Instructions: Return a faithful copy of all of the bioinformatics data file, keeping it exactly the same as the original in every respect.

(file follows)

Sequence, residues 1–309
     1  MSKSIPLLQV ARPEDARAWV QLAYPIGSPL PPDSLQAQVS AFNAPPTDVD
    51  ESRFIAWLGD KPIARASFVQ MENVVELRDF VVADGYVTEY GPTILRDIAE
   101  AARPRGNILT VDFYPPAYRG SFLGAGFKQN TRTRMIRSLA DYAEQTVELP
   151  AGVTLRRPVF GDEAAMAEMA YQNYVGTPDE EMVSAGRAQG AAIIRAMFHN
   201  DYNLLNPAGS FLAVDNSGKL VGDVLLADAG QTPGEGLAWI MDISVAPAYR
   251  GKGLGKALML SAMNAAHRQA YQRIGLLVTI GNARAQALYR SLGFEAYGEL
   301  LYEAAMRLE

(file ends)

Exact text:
Sequence, residues 1–309
     1  MSKSIPLLQV ARPEDARAWV QLAYPIGSPL PPDSLQAQVS AFNAPPTDVD
    51  ESRFIAWLGD KPIARASFVQ MENVVELRDF VVADGYVTEY GPTILRDIAE
   101  AARPRGNILT VDFYPPAYRG SFLGAGFKQN TRTRMIRSLA DYAEQTVELP
   151  AGVTLRRPVF GDEAAMAEMA YQNYVGTPDE EMVSAGRAQG AAIIRAMFHN
   201  DYNLLNPAGS FLAVDNSGKL VGDVLLADAG QTPGEGLAWI MDISVAPAYR
   251  GKGLGKALML SAMNAAHRQA YQRIGLLVTI GNARAQALYR SLGFEAYGEL
   301  LYEAAMRLE